King County to close purchase of Federal Way hotel

County vying for three more Health Through Housing sites in north, east King County, representatives say.

King County’s purchase of a Federal Way hotel is expected to close next week, and county representatives recently provided additional details about the incoming Health Through Housing site.

Health Through Housing is a countywide public health program aimed at providing housing and resources for individuals who are dealing with chronic homelessness, or are at risk of it. So far, King County has secured five properties in various cities throughout the county for Health Through Housing facilities.

On July 29, purchase agreements for three additional sites were announced, including the Federal Way Extended Stay America location, 1400 S. 320th Street.

King County’s purchase of the Federal Way Extended Stay is expected to close Aug. 24, said Chase Gallagher, interim communications director for King County. The purchase price is $23.25 million.

The county is seeking three more buildings in north and east King County, according to county representatives on Aug. 10 at a Federal Way City Council special meeting.

“Homelessness is everywhere in King County right now,” said Leo Flor, director of community and human services for Public Health — Seattle & King County.

Federal Way is no different in facing this regional issue, Flor said: “Thousands of people will sleep outside in King County tonight … and that number is going to grow unless we do something different.”

The strategy of something different has sparked fury among some members of the Federal Way community. At a town hall meeting on July 15, Flor presented an outline of the project and fielded questions from upset attendees, some of whom compared the supportive housing as rebranded safe injection sites.

On Aug. 10, Flor and Mark Ellerbrook, King County housing and community development division director, offered more details about the incoming program during the city council study session.

“This is an opportunity to house people immediately,” Flor said. Usually from funding to fruition, a homelessness housing project can take 3 to 5 years at a rough estimate cost of $425,000 per unit, he said.

By purchasing hotels or other developed buildings to quickly rehouse those in need, Health Through Housing is averaging about $270,000 per unit, Flor said.

The Federal Way Extended Stay has 101 units, and will be purchased for approximately $23 million, which averages to about $237,000 per unit.

The Federal Way site is for single adults or couples facing chronic homelessness; it is not the county’s practice to mix minors or unaccompanied homelessness youth in facilities with adults, Flor said.

“The folks who have the greatest need are prioritized for housing,” Ellerbrook added.

By providing housing — not temporary shelter — the county’s goal is to assist more than 1,600 individuals into permanent housing or independent living with the inclusion of on-site resources at each Health Through Housing location, Flor said.

Individuals will not be background checked, nor will they be required to be sober before being provided housing, Flor said.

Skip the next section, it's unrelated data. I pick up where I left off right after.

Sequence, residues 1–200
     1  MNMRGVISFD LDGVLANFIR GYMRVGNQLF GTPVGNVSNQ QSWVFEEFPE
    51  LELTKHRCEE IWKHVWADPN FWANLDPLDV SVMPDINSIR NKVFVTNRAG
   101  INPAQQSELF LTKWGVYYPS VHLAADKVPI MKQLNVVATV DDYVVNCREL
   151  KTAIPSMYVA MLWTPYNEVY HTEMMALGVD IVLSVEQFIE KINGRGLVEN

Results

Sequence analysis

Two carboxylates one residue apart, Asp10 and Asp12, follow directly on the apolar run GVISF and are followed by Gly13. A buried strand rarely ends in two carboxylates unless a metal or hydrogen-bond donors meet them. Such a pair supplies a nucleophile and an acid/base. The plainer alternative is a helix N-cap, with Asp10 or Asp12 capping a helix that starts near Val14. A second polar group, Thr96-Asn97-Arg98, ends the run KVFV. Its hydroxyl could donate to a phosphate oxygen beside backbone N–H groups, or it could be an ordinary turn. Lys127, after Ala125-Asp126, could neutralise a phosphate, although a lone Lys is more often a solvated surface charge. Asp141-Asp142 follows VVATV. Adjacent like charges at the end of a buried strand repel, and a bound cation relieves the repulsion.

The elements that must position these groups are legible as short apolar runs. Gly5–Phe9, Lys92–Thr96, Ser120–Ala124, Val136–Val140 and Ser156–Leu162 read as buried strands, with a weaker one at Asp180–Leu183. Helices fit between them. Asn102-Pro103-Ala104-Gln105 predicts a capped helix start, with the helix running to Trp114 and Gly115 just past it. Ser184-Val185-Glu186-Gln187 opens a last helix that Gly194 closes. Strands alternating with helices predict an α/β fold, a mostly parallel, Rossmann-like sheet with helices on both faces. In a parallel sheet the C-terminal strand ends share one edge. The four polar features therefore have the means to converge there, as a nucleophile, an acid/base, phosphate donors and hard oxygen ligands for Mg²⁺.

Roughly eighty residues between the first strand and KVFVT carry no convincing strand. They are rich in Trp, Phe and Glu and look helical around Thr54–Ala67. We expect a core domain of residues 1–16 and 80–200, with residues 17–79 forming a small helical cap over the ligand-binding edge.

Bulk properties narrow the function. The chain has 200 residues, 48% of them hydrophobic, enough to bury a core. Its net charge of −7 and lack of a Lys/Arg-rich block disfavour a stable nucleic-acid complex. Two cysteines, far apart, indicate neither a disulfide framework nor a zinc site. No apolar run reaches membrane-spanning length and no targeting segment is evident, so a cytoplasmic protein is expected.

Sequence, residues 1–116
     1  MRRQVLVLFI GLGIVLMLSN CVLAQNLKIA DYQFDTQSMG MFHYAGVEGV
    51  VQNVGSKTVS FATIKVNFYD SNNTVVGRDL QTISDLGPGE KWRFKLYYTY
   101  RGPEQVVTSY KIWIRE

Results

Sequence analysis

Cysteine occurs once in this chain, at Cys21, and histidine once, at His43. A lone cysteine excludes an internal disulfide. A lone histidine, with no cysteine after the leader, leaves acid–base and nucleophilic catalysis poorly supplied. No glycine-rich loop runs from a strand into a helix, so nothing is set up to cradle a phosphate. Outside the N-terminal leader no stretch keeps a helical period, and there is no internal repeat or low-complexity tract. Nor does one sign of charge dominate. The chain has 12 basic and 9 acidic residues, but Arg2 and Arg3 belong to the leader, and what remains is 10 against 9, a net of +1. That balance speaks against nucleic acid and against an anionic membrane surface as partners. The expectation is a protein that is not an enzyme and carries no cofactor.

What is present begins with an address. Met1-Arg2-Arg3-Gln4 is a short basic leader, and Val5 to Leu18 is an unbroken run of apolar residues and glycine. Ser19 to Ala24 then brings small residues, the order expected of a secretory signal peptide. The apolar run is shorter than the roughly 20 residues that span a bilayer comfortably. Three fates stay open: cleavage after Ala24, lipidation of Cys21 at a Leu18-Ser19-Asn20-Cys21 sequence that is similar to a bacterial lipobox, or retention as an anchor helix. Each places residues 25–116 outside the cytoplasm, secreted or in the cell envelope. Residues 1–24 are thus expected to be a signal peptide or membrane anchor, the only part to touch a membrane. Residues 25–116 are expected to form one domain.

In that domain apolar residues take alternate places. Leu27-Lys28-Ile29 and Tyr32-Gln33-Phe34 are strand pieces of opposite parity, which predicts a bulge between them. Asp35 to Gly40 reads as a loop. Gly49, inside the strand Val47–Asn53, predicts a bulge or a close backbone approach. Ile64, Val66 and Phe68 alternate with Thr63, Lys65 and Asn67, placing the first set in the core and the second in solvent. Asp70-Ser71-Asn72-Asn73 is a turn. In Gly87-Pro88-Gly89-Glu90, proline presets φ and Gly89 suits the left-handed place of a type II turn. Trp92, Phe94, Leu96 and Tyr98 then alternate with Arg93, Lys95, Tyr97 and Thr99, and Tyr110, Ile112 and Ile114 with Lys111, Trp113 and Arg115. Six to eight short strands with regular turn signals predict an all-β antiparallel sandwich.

“Not everybody who is homeless uses drugs, not everybody who will receive housing through the Health Through Housing program uses drugs, and some people do,” he said.

However if someone cannot comply with the building regulations, they may be removed from the program, he added.

“If it is illegal outside, it is illegal once you come inside of the building,” Flor said in response to drug use questions from the community.

The City of Federal Way will have a role in selecting the service providers for the site of the more than 30 options, Ellerbrook said.

State statutes require that of these units, at least 15 rooms must be occupied by local referrals, meaning people from or residing in Federal Way, or those who have a connection to Federal Way. Several community members who spoke at the meeting urged for more rooms to be occupied by local individuals in need.

“Because of the large number of units available through the Health Through Housing Program, King County expects to exceed the state minimum requirement,” said Sherry Hamilton, communications director for the King County Department of Community and Human Services.

Staffing for this type of facility is typically a 12-hour shift with generally 4-6 people on site at all times, according to the county. Overnight staffing is at least two people at all times, although it is typically closer to 4-6 people, she added.

Individual assessments will be conducted for each potential resident to gauge if the particular location is an appropriate fit, Hamilton said.

“This is no longer a hotel and no one can just walk up and reserve a room. Every resident will be enrolled in the King County Homeless Management Information System,” she said. “Any applicable laws with respect to housing for offenders will be adhered to in Health Through Housing sites.”

In the coming weeks, a Good Neighbor Agreement will be created and agreed upon between the county, the service providers, city officials, and community members and groups. The agreement outlines each agency’s role and includes contact information for any issues that arise. Code of Conduct agreements will also be required for residency.